2015 has been a very busy year here at the History of Parliament Trust! Of course much of this has been due to the important political anniversaries we’ve been marking this year. These began in January, when Parliament launched their year of celebrations with the ‘Beginnings of that Freedome’ exhibition in Westminster Hall on the anniversary of Simon de Montfort’s 1265 Parliament. We were delighted … Continue reading Review of the year 2015
800 years ago today, Magna Carta was sealed at Runnymede. In the last of our series celebrating the anniversaries of Magna Carta and Simon de Montfort’s Parliament, Dr Alexander Lock, Curator of Modern Historical Manuscripts at the British Library and lead researcher for the Library’s acclaimed Magna Carta exhibition, discusses how Magna Carta came to become an important symbol of the parliamentary system… Though Magna … Continue reading The long-lived charter: Magna Carta’s 800 year legacy
In the latest in our ongoing series celebrating the anniversaries of Magna Carta and Simon de Montfort’s Parliament, Professor George Garnett discusses the importance of Sir Edward Coke’s 17th century commentary on Magna Carta… Sir Edward Coke’s role in English common law is widely acknowledged to be commensurate with that of his near contemporary William Shakespeare in English literature. But in an important sense his … Continue reading Sir Edward Coke, Magna Carta, and 17th century rebellion
Our last ‘Parliaments, politics and people’ seminar of term took place on 24 March. Dr Alexander Lock, one of the curators of the British Library’s current exhibition ‘Magna Carta: law, liberty, legacy’ spoke on the impact and legacy of the 1215 Great Charter. His paper covered the full eight hundred year history of Magna Carta, and described how a failed medieval peace treaty came to … Continue reading Parliaments, Politics and People seminar: Alexander Lock, ‘Magna Carta: law, liberty and myth’
As part of our series on Magna Carta and Simon de Montfort’s parliament, Ian Stone, a Junior Research Fellow at the Institute of Historical Research, discusses how a recent discovery among the records of the Corporation of London shows just how tightly bound the citizens of London had become to Simon de Montfort’s regime in advance of Montfort’s famous parliament of 1265… In December 1264 … Continue reading London 1264: from Magna Carta to Montfort’s Parliament.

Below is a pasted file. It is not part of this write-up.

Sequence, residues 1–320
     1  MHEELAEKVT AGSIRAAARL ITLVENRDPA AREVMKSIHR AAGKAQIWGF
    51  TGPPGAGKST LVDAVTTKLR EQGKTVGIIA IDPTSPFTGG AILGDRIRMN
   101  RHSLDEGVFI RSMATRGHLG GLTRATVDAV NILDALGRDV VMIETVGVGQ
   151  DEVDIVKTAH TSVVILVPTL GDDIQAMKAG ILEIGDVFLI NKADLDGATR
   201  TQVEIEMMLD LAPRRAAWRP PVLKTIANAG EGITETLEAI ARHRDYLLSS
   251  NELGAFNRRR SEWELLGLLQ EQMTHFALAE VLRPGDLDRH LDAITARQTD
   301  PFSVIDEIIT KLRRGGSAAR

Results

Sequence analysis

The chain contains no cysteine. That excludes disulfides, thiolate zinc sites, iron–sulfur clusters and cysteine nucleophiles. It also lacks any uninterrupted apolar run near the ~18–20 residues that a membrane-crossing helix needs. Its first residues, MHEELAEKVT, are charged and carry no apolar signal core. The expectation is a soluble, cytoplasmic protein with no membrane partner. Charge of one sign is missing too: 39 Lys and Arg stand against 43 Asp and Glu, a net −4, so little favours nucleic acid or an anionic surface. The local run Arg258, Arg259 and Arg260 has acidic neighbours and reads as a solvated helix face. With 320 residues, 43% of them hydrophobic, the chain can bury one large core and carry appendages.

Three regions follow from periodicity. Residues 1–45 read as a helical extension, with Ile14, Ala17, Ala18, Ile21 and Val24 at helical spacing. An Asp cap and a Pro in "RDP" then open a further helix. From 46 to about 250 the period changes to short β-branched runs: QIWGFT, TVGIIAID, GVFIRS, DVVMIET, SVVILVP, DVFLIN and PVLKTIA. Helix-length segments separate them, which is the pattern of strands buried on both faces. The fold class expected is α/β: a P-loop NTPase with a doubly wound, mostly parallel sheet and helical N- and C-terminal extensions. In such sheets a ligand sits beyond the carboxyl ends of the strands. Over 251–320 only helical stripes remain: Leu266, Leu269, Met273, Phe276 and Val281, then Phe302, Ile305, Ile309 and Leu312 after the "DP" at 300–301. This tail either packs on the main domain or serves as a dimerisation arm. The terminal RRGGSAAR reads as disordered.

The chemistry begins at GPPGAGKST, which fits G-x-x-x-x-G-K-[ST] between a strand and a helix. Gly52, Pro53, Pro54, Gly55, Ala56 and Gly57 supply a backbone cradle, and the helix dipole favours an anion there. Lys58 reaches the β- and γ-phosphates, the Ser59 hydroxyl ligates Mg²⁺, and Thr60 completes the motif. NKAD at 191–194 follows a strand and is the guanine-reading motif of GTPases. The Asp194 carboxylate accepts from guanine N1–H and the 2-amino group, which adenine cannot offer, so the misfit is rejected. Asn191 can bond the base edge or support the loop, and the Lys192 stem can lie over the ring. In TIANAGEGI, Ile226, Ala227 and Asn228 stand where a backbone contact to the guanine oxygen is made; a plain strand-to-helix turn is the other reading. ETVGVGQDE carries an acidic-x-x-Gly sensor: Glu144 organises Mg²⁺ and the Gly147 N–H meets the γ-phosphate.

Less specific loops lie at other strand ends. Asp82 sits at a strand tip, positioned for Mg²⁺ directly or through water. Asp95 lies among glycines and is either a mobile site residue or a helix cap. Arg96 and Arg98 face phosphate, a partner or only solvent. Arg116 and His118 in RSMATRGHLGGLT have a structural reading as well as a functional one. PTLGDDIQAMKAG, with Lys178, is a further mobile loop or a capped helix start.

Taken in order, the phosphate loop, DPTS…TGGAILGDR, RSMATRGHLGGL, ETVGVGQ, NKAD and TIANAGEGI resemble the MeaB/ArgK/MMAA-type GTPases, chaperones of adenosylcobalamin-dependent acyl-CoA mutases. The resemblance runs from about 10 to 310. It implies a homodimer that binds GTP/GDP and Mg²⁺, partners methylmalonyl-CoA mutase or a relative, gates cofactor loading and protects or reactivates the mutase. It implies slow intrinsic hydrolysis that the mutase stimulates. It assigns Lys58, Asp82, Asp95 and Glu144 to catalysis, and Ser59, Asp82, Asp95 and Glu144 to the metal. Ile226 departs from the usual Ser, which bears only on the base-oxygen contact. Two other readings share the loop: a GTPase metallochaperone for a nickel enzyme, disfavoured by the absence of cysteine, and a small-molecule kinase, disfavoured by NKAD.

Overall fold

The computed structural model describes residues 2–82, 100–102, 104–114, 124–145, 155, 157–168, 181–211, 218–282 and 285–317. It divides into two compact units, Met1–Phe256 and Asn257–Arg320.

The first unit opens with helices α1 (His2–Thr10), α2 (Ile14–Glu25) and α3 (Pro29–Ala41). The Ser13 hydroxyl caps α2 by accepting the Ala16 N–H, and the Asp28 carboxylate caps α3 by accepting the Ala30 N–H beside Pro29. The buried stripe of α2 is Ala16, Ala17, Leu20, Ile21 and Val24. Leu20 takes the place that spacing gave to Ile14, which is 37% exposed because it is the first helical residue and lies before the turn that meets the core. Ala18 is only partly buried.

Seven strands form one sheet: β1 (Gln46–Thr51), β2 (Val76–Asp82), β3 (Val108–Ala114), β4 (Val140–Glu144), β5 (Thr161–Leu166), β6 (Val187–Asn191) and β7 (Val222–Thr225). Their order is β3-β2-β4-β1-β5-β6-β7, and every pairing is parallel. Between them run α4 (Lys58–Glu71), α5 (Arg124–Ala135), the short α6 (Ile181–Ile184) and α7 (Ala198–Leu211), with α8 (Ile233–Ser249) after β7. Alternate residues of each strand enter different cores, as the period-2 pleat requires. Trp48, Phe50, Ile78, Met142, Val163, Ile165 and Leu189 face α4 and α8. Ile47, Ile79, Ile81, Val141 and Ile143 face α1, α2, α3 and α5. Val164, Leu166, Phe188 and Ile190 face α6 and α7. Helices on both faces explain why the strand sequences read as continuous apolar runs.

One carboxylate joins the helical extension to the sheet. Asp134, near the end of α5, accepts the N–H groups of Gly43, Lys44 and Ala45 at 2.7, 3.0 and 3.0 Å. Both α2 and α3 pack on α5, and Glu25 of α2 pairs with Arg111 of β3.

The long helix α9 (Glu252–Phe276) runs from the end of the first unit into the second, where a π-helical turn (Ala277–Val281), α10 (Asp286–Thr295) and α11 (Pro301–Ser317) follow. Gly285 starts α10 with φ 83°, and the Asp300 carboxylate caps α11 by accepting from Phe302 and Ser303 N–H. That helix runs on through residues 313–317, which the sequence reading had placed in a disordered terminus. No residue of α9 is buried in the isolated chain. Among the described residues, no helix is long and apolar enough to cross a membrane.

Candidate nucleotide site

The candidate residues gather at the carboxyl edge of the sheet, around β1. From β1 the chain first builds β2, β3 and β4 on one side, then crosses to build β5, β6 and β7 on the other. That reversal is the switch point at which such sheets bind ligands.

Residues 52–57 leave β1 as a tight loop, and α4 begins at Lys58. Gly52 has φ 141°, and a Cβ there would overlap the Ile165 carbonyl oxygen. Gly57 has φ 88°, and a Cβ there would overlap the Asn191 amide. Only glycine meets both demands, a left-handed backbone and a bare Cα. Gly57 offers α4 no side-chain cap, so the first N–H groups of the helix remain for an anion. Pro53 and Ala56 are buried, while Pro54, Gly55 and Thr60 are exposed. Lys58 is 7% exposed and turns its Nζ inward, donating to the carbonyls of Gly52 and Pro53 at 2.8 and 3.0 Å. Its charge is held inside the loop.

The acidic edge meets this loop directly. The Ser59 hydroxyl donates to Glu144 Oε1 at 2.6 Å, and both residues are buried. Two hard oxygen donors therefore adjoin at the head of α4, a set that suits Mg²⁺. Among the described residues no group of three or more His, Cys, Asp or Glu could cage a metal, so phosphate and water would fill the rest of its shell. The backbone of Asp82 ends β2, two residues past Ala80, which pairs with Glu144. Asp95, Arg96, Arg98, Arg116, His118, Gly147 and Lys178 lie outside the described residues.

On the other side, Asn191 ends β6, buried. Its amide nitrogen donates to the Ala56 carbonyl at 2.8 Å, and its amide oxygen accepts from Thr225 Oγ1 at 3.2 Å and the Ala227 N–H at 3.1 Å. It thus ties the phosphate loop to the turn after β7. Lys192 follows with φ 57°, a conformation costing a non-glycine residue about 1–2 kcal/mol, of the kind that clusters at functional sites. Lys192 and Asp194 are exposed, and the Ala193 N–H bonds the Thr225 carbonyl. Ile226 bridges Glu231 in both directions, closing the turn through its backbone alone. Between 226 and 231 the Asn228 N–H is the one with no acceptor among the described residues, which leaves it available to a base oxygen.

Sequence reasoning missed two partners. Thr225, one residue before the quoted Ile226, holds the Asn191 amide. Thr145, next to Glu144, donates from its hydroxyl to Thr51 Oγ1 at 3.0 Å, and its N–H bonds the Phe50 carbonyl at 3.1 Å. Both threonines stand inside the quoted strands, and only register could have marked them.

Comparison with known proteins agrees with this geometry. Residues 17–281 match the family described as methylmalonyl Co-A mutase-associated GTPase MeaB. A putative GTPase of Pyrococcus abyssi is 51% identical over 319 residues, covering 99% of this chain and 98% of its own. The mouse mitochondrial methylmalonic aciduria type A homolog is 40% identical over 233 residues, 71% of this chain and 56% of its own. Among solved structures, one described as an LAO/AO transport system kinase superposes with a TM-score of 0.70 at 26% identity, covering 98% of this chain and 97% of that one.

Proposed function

750 years ago today Simon de Montfort’s famous 1265 Parliament opened in Westminster Hall. This is one of two anniversaries this year, along with the sealing of Magna Carta, that have enormous significance in English and British constitutional and legal history. They provide the inspiration for our conference this summer, ‘Making Constitutions, Building Parliaments’. Starting today we’ll be publishing a series of blogposts in the run … Continue reading Simon de Montfort’s 1265 Parliament and Magna Carta
The wonderful Public Catalogue Foundation website discussion strand, Art Detective, has been hosting a discussion about this picture at St Mary’s Guildhall, Coventry. There’s documentary evidence about when the picture was painted, though it is rather confusing: an entry in the city’s accounts for 1626 says ‘Payd for making of the pictures of King James & King Charles for the hall £6.’ There is also … Continue reading Magna Carta in Coventry
On the anniversary of the battle of Lewes, news of a new play that explores the causes of the battle and we launch our 2015 conference website… 750 years ago today, the enigmatic Simon de Montfort won his greatest victory against Henry III: defeating the King at the Battle of Lewes and taking him and his heir Edward captive. To mark the anniversary a new … Continue reading Simon de Montfort and the Battle of Lewes